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"America has two great dominant strands of political thought - conservatism, which, at its very best, draws lines that should not be crossed; and progressivism, which, at its very best, breaks down barriers that should never have been erected." -- Bill Clinton, Dedication of the Clinton Presidential Library, November 2004

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Tuesday, October 03, 2006


Reaction is Osama bin Laden's sword

posted by Aziz P. at Tuesday, October 03, 2006 permalink View blog reactions
We need someone to remind us who we are. The Bush administration keeps telling us we’re safer than we were five years ago. I don’t feel safer. There’s this huge sword swinging around. Our leadership, with all its display, is acting just like the terrorist wants us to act, then suggests we are dead wrong if we disagree. It makes all of us out to be acting just like the terrorist wants us to act. But we’re not that way. I watched the buildings burning on Sept. 11, and at some point got on email and messaged everybody I knew that we should think what the terrorists would want us to do, and then do the opposite thing. Nobody objected, or disagreed. So it doesn’t take a rocket scientist to know how to fight a terrorist. We just all need to be brought together in this quiet, firm, fight, and quickly.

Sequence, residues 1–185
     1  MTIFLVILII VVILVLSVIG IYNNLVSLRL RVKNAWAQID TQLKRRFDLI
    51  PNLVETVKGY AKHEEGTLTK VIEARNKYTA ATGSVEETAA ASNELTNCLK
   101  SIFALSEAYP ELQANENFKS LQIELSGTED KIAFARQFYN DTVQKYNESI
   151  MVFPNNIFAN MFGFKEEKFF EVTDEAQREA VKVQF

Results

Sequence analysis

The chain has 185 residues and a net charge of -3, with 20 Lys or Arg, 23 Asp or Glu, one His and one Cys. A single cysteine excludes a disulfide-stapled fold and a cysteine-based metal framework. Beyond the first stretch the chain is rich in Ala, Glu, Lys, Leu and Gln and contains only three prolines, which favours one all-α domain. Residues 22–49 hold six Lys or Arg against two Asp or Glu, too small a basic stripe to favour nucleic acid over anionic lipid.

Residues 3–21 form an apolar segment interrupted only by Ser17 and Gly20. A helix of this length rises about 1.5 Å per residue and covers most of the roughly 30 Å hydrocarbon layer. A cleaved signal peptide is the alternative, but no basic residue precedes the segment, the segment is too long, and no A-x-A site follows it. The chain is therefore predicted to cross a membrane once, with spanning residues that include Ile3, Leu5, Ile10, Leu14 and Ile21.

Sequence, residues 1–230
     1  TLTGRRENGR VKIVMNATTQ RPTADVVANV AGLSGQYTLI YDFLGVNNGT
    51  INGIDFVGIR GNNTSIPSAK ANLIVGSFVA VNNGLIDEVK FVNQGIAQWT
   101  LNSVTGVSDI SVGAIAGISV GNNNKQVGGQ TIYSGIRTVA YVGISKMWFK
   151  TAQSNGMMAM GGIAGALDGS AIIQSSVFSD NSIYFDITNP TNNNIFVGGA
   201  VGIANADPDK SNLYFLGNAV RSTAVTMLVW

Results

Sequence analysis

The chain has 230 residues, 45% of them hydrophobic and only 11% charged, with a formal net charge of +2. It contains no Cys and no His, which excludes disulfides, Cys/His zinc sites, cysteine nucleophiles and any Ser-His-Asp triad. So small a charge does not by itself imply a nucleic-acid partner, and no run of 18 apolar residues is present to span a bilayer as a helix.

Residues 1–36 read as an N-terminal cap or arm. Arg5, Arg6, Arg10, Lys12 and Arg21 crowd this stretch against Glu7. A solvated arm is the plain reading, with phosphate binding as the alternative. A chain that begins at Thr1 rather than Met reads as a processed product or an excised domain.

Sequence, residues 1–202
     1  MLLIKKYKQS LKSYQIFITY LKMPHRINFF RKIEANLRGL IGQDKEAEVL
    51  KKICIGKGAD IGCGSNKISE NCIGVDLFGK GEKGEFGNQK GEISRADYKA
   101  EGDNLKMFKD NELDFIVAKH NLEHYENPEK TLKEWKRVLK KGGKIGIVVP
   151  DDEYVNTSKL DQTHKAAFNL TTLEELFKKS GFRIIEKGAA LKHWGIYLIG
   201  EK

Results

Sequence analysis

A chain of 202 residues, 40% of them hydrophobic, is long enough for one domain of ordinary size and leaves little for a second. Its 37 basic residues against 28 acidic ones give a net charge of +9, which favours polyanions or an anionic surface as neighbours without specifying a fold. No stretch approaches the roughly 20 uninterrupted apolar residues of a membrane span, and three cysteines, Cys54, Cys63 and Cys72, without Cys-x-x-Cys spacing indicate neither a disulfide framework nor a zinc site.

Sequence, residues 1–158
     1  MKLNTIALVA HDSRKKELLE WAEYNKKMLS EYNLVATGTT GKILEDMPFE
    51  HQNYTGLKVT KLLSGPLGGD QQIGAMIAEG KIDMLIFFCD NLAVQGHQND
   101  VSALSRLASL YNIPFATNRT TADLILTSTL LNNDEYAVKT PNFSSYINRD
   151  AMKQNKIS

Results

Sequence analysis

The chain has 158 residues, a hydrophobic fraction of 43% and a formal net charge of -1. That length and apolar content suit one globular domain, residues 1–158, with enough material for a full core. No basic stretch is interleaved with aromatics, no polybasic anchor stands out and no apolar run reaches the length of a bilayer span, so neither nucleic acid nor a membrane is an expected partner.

Michael Grant, in a brilliant essay that simply must be read in full.


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About Nation-Building

Nation-Building was founded by Aziz Poonawalla in August 2002 under the name Dean Nation. Dean Nation was the very first weblog devoted to a presidential candidate, Howard Dean, and became the vanguard of the Dean netroot phenomenon, raising over $40,000 for the Dean campaign, pioneering the use of Meetup, and enjoying the attention of the campaign itself, with Joe Trippi a regular reader (and sometime commentor). Howard Dean himself even left a comment once. Dean Nation was a group weblog effort and counts among its alumni many of the progressive blogsphere's leading talent including Jerome Armstrong, Matthew Yglesias, and Ezra Klein. After the election in 2004, the blog refocused onto the theme of "purple politics", formally changing its name to Nation-Building in June 2006. The primary focus of the blog is on articulating purple-state policy at home and pragmatic liberal interventionism abroad.